All target compounds were successfully detected by CMV-DART-MS in positive and negative mode. After analysis, CMV samples were wrapped in foil and allowed to sit t room temperature for 18 hours prior to CMV-GC-MS analysis. Subsequent, reliable identification of compounds was reported by CMV-GC-MS following CMV-DART-MS analysis and aging for 18 hours.

Scientific Highlights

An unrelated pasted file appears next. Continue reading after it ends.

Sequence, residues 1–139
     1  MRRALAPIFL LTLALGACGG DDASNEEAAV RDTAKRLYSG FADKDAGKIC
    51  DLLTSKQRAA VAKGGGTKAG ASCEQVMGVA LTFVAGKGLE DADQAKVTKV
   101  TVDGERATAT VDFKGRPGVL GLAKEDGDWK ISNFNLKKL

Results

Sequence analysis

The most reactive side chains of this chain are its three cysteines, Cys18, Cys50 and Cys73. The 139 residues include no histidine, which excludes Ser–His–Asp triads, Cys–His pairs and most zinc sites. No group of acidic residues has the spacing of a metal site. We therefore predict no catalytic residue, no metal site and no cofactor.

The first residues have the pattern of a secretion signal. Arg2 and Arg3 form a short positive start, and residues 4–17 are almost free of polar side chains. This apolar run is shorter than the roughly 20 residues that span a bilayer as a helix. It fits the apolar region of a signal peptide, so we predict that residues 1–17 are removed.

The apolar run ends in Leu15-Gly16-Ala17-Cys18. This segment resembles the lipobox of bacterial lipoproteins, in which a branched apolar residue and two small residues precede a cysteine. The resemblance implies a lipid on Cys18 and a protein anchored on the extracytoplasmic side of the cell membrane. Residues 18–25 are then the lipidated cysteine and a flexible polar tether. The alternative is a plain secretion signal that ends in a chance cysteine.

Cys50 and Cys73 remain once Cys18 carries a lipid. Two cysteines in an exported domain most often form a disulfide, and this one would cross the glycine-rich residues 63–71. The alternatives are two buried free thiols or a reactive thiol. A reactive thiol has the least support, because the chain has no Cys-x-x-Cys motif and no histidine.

• This study presented a novel pairing of CMV with DART-MS, and demonstrated the CMV-DART-MS technique for the analysis of smokeless powder compounds.
  • CMV-DART-MS allowed for rapid detection of compounds and allowed for subsequent analysis by CMV-GC-MS.
  • Results obtained by CMV-DART-MS were confirmed by CMV-GC-MS analysis, even after an 18 hour aging period.


Rapid and reliable techniques are desirable, which may help to prevent or reduce backlogs in laboratories.

Potential Conclusions

CMV-DART-MS may be a rapid and reliable option for the analysis of smokeless powder constituents.